WASHINGTON, July 30, 2015 (GLOBE NEWSWIRE) -- The National Fish and Wildlife Foundation (NFWF) today announced 13 grants totaling more than $1.2 million that will restore and sustain healthy forests and rivers that provide habitat for diverse native bird and freshwater fish populations in the six New England states. Projects supported by the grants are expected to restore 13 miles of eroded stream bank, provide fish access to 118 miles of streams, improve 75 acres of young forest habitat, permanently protect 2,965 acres of diverse habitat for fish and wildlife, and engage hundreds of volunteers in conservation.
The grants are the first awarded through NFWF's New England Forests and Rivers Fund, which was launched this spring. Major funding is provided by Eversource's Partners for New Hampshire's Fish and Wildlife, the U.S. Fish and Wildlife Service, and the U.S. Department of Agriculture's Forest Service and Natural Resources Conservation Service.
"With the support provided by the U.S. Department of Agriculture, the U.S. Fish and Wildlife Service and Eversource, these grants will protect and restore vital freshwater and forest habitats throughout New England," said Jeff Trandahl, executive director and CEO at NFWF. "The success of this public-private partnership in its first year of funding on-the-ground conservation is notable, and is a credit to the exceptional conservation work being done by the grantees announced today."
The grant recipients are:
- American Rivers - Assessing Fish Barrier Priority Modifications in the Connecticut River Tributaries (Massachusetts, New Hampshire and Vermont): $50,324
- Atlantic Salmon Federation - Blackstone Brook Fish Passage Restoration (Maine): $60,000
- Connecticut River Watershed Council - Getting Conservation on the Ground - Outreach and Assistance For Limited Resource Landowners (Massachusetts, New Hampshire and Vermont): $64,540
- Connecticut River Watershed Council - Restoring Connectivity Through Fish Barrier Modifications on Oliverian Brook (New Hampshire): $65,000
- Housatonic Valley Association - Improving Eastern Brook Trout Habitat and Infrastructure Resiliency in Northwest Connecticut (Connecticut): $125,000
- Merrimack River Watershed Council - Expanding Riparian Forest Buffers to Improve Water Quality Using a Precision Stormwater Approach (Massachusetts and New Hampshire): $103,971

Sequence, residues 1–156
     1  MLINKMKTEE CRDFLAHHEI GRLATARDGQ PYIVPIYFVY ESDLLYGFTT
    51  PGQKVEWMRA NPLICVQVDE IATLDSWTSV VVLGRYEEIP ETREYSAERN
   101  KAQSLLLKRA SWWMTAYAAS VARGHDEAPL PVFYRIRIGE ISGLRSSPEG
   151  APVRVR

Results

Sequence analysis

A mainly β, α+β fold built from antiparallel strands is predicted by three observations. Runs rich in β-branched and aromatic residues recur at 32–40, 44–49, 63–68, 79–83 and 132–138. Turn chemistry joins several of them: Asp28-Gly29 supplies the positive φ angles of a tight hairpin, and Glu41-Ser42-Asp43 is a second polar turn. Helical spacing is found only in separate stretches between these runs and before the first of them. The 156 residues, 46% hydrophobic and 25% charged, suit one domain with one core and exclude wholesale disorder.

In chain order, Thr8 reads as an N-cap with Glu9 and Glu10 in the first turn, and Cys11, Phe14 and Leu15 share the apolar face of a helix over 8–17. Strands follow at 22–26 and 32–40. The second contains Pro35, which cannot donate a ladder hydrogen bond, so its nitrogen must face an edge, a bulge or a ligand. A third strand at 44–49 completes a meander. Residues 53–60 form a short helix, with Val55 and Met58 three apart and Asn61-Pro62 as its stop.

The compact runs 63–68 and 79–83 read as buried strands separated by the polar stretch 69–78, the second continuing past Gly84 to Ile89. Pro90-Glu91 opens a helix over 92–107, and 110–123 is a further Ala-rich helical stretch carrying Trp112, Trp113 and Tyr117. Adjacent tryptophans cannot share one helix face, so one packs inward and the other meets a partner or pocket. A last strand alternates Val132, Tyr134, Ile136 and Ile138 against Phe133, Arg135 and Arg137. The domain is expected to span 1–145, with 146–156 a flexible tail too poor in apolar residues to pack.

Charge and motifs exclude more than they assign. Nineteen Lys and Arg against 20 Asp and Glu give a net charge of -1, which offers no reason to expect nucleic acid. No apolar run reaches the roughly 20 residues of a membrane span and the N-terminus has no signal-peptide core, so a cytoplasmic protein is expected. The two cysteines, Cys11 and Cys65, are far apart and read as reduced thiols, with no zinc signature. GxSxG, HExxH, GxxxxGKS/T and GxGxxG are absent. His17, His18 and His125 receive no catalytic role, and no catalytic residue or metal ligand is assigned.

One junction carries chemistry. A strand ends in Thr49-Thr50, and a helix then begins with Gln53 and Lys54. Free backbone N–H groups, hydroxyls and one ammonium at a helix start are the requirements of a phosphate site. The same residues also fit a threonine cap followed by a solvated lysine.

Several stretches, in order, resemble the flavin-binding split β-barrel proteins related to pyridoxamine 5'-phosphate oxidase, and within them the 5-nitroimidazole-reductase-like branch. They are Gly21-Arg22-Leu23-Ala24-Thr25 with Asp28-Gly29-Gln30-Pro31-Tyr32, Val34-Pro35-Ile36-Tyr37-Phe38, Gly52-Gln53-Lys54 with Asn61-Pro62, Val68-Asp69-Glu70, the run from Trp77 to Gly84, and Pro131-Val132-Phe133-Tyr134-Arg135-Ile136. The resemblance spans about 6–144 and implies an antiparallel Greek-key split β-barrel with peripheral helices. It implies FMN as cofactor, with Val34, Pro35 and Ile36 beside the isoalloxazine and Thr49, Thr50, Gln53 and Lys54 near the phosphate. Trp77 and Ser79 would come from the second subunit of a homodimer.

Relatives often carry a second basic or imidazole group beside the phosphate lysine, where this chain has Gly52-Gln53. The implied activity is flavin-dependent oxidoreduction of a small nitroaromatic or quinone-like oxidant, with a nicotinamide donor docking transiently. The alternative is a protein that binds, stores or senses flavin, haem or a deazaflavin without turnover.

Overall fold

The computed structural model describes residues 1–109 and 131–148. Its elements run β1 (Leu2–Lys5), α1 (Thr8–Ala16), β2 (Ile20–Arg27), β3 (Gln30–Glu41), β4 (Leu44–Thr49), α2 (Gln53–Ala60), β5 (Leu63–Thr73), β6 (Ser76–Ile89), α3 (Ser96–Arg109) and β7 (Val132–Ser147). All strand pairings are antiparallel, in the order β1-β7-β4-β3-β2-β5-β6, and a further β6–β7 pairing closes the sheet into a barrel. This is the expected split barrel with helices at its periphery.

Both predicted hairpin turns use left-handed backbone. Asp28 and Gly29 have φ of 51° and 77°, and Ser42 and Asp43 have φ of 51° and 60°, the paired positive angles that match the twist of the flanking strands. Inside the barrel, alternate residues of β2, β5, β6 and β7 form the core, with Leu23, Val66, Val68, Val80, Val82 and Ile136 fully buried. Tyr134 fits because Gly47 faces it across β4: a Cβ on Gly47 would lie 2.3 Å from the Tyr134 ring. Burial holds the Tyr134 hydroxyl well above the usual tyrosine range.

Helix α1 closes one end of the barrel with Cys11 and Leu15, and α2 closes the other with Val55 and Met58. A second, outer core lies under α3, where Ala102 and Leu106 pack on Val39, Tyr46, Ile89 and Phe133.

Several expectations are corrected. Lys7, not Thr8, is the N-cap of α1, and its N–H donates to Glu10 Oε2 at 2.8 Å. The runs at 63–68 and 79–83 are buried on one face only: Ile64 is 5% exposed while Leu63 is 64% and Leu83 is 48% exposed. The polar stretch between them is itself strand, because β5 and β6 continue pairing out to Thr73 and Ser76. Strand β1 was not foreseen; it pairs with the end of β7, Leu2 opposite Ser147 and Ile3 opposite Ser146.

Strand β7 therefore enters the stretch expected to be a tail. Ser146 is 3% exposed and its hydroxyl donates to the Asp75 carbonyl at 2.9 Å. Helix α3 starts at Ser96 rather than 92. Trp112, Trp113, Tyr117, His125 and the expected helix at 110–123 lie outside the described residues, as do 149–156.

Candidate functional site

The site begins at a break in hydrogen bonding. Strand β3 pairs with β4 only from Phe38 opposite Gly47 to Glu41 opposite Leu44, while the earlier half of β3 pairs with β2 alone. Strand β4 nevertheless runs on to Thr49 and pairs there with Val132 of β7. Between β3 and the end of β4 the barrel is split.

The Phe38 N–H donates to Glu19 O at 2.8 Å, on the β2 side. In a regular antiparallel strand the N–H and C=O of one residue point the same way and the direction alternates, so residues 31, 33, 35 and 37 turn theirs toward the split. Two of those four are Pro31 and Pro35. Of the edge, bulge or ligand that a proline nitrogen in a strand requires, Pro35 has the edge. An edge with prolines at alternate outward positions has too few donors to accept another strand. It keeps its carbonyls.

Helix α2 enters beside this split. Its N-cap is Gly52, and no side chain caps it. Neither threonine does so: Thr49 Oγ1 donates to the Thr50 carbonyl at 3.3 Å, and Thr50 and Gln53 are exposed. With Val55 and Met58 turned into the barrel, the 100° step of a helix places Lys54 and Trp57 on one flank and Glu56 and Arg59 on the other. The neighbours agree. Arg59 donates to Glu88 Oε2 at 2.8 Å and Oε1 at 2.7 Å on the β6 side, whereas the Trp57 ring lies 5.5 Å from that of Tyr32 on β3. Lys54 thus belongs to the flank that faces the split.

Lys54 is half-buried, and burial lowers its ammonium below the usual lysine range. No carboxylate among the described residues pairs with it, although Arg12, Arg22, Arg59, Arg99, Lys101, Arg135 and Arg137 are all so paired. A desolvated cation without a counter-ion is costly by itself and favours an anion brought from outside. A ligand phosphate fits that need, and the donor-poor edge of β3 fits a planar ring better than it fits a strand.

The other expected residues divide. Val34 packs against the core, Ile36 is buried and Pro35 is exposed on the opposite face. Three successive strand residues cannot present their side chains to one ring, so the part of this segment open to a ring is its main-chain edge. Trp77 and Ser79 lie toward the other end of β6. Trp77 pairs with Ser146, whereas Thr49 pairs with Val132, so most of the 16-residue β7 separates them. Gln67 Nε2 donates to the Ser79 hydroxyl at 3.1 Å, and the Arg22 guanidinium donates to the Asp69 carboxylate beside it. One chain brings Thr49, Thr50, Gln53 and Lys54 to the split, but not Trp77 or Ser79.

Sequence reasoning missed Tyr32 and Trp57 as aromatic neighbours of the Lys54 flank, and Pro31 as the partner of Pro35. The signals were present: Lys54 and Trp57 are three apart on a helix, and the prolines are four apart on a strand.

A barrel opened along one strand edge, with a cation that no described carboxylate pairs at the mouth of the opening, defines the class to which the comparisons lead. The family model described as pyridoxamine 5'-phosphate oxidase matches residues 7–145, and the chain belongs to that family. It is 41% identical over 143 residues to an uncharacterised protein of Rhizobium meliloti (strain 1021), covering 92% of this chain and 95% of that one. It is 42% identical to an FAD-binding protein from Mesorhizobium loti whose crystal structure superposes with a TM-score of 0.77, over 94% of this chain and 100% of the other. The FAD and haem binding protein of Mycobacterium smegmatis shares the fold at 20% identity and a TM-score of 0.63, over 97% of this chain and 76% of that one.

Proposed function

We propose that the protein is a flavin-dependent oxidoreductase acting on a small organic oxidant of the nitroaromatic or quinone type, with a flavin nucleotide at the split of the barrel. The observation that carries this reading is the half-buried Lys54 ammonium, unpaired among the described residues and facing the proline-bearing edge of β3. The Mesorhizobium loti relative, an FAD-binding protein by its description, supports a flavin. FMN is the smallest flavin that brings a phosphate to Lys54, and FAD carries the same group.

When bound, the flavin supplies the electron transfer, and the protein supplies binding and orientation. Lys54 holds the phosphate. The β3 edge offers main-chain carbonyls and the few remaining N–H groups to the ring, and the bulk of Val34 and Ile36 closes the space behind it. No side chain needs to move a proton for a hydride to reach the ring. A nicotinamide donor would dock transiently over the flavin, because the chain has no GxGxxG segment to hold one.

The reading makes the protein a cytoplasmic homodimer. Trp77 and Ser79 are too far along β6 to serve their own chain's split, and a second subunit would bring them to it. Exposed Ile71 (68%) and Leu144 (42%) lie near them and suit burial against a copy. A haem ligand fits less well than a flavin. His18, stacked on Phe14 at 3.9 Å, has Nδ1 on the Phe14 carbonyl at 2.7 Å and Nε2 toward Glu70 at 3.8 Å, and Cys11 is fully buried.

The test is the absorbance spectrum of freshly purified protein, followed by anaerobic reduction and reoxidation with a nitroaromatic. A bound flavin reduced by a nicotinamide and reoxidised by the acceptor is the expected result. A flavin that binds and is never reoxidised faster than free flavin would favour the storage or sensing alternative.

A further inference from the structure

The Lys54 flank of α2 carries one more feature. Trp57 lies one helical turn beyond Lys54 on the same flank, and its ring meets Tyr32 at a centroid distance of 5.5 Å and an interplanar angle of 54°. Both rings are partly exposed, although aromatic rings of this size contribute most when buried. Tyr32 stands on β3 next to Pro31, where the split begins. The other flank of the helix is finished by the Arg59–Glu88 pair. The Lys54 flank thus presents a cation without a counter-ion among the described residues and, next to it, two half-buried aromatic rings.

- Project SHARE - Science-Based Habitat Restoration of the Upper Narraguagus River Watershed (Maine): $100,000
- Trout Unlimited - Kinne Brook Aquatic Connectivity Restoration (Massachusetts): $134,429
- University of New Hampshire - The Stewardship Network: New England - Mobilizing Volunteers for Forest and Riparian Habitat Restoration (New Hampshire): $100,000
- Vermont Center for Ecostudies - Mapping Abundance and Estimating Population Size of Bicknell's Thrush (Maine, New Hampshire and Vermont): $78,588
- Vermont Land Trust - Central Vermont Clear Waters Conservation Initiative (Vermont): $75,000
- Vermont Land Trust - Five Peaks, Four Rivers Conservation Easement (Vermont): $53,000
- Wildlife Management Institute - Restoring Young Forests To Benefit New England Cottontail and American Woodcock (New Hampshire): $200,000
"I am very proud that the U.S. Fish and Wildlife Service is part of this public-private partnership to protect New England's rivers and forests for future generations," said Wendi Weber, northeast director for the U.S. Fish and Wildlife Service. "Working together, we are successfully leveraging dollars to support sound science in the right places for the conservation of fish, birds and other native wildlife."
"Eversource is pleased to partner in an effort that will deliver wide-reaching results across New England," said Bill Quinlan, President of New Hampshire Electric Operations for Eversource. "The work of these conservation groups and their dedicated volunteers mirrors our employees' commitment to the beauty and treasured resources of our region."
"Targeted, proactive conservation on private working lands improves water quality and stream corridors while enhancing habitat for vulnerable wildlife like New England cottontail and golden-winged warbler and fishes like eastern brook trout and Atlantic salmon," NRCS Chief Jason Weller said. "We're proud to work with landowners and land managers who voluntarily step forward to make conservation improvements to their land. Their decisions not only help conserve natural resources but help them make their agricultural operations more efficient and resilient, leading to a win-win for natural resources and rural economies."
"I appreciate the diversity of projects that were submitted and funded, and commend those working on all aspects of forest and river conservation and restoration," said Constance Carpenter, Northeast Area Field Representative for the US Forest Service, State and Private Forestry Program. "The grantees will be engaged in significant restoration projects that support the Northeast Area's strategic goals to conserve and manage working forest landscapes, protect forests from threats and enhance public benefits from trees and forests."
For additional information about the 13 grants announced today, please click here.
About the National Fish and Wildlife Foundation
The National Fish and Wildlife Foundation (NFWF) protects and restores our nation's wildlife and habitats. Chartered by Congress in 1984, NFWF directs public conservation dollars to the most pressing environmental needs and matches those investments with private contributions. NFWF works with government, nonprofit and corporate partners to find solutions for the most intractable conservation challenges. Over the last three decades, NFWF has funded more than 4,000 organizations and committed more than $2.9 billion to conservation projects. Learn more at www.nfwf.org.
CONTACT: Rob Blumenthal, 202-857-0166
Source:National Fish and Wildlife Foundation